Washington, D.C. (Nov. 20, 2018) — Independent Community Bankers of America® (ICBA) President and CEO Rebeca Romero Rainey today issued the following statement on today’s proposed rule to reform capital requirements for community banks. The proposed rule would implement a provision of the Economic Growth, Regulatory Relief, and Consumer Protection Act (S. 2155) requiring regulators to develop a leverage ratio of between 8 and 10 percent that banks with less than $10 billion in assets must meet to be exempt from risk-based capital requirements.
“ICBA is disappointed that regulators have proposed capital standards that are higher than necessary for Main Street community banks. Today’s proposal establishing a 9 percent leverage ratio unnecessarily leaves out more than 600 community banks that would be eligible if it were set at 8 percent, as authorized by Congress.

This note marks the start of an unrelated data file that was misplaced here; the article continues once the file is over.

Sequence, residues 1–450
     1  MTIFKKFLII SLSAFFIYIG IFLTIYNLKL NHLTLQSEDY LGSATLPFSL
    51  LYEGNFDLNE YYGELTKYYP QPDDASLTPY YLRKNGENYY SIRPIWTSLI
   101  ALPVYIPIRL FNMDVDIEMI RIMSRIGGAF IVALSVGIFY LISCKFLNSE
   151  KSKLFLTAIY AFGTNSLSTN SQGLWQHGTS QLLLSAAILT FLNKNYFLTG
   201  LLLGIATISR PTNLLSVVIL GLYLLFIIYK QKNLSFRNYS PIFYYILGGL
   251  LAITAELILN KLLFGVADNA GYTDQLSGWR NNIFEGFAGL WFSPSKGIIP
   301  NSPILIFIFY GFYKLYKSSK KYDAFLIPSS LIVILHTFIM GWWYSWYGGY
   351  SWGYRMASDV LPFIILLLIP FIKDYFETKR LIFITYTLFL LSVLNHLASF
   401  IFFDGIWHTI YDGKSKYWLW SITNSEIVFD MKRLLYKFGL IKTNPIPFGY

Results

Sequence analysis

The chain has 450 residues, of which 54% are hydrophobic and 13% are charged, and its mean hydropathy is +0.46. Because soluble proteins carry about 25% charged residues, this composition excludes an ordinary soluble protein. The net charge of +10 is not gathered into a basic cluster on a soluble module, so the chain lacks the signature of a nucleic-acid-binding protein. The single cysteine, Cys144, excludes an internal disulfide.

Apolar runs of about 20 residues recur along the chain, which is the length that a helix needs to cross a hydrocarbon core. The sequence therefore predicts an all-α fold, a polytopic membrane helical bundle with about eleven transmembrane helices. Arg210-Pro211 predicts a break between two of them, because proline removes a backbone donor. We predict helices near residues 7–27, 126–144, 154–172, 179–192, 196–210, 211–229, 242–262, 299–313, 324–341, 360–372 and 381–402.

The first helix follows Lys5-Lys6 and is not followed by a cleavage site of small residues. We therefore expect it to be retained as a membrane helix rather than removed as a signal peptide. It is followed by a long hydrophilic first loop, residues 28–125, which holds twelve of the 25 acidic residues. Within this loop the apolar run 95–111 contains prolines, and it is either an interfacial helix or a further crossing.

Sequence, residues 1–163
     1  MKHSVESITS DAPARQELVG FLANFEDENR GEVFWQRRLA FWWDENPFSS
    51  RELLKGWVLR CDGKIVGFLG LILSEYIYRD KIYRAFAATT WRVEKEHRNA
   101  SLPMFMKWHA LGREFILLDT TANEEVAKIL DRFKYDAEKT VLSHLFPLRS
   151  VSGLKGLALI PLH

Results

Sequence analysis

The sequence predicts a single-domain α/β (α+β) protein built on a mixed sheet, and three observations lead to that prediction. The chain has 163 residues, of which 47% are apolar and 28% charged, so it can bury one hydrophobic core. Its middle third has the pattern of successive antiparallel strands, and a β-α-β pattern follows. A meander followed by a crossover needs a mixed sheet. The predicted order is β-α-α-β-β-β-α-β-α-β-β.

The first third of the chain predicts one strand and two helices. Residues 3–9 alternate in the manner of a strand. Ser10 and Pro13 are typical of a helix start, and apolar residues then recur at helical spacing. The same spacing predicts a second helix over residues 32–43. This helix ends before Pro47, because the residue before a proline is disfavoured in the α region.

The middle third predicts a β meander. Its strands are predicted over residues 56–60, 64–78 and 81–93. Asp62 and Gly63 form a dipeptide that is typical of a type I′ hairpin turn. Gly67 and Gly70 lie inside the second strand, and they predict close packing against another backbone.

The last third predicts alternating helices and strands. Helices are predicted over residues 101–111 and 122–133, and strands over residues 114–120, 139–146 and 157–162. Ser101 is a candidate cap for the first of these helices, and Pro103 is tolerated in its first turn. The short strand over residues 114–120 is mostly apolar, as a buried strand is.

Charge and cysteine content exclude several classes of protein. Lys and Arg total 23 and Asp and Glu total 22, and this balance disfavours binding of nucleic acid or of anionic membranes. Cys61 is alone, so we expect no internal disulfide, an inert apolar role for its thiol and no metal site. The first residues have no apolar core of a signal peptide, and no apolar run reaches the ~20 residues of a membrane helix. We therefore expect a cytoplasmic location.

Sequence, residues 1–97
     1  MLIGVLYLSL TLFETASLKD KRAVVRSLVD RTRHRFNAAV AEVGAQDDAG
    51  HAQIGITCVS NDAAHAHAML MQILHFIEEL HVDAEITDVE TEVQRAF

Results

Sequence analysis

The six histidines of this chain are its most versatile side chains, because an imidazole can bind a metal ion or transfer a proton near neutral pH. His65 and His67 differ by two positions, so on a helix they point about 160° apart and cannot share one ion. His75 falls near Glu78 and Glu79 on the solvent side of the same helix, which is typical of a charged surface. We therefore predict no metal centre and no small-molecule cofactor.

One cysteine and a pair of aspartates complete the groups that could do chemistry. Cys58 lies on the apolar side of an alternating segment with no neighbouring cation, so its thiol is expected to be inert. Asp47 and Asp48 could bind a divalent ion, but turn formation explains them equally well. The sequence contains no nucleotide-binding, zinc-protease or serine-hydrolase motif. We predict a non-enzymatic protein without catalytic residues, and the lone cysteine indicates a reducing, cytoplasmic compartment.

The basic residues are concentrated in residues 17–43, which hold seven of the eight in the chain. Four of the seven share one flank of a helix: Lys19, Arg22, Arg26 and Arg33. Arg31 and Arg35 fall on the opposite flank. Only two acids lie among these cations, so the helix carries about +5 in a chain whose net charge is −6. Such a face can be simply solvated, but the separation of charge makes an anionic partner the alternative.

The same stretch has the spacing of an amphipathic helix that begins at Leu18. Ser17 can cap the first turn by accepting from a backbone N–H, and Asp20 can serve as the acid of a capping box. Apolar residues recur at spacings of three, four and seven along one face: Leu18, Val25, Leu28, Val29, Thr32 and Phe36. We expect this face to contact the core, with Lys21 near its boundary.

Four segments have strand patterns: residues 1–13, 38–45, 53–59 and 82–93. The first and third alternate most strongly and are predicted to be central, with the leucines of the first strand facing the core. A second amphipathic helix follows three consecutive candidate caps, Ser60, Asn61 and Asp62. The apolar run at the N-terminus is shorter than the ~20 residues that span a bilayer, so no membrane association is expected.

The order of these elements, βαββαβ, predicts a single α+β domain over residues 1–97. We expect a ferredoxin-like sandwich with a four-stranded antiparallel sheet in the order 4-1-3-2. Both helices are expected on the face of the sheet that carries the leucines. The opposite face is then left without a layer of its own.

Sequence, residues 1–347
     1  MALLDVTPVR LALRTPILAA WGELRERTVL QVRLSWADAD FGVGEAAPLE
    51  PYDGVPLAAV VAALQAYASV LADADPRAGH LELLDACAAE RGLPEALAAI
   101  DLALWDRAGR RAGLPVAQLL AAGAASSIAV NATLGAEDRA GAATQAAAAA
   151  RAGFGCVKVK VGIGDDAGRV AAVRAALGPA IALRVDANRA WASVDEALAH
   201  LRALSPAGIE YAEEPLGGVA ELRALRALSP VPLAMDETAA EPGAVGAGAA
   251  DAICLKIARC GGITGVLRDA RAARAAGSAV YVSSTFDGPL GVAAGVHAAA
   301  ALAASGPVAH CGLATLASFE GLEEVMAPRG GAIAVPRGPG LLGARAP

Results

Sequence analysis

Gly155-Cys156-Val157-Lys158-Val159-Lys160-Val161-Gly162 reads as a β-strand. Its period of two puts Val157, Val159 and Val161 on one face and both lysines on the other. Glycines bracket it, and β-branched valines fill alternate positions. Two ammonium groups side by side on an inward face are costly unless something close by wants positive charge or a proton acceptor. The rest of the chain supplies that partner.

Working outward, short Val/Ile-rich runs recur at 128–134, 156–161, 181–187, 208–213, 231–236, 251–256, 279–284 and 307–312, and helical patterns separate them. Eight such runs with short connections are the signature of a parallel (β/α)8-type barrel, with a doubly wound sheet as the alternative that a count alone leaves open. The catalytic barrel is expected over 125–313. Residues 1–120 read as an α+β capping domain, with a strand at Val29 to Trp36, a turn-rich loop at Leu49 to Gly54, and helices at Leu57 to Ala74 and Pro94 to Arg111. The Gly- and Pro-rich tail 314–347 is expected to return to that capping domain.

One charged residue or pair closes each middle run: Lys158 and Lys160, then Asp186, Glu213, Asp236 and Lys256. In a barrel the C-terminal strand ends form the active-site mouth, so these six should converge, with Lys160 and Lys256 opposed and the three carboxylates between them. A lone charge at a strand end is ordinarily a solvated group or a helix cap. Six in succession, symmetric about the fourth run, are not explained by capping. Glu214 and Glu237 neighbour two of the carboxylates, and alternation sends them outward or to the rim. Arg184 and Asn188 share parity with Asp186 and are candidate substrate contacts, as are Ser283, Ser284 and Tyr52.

“As an ardent proponent of strong minimum capital levels for all banks, ICBA supports an 8 percent community bank leverage ratio. This would be well over the 5 percent leverage ratio requirement currently required of all well-capitalized banks and significantly higher than next year’s requirement of 7 percent common equity over total risk-based assets, which includes the capital buffer.
“Community banks did not cause the financial crisis of 2008-2009. Their simplified balance sheets, conservative lending, and common-sense underwriting shield their regulatory capital from the kinds of losses incurred by the largest and riskiest financial institutions.
“ICBA and the nation’s community banks have long called for meaningful relief from the overly complex Basel III capital standards. Federal regulators should use the opportunity Congress provided with the passage of S. 2155 to complete this objective. We look forward to continuing to work with policymakers on this important policy.”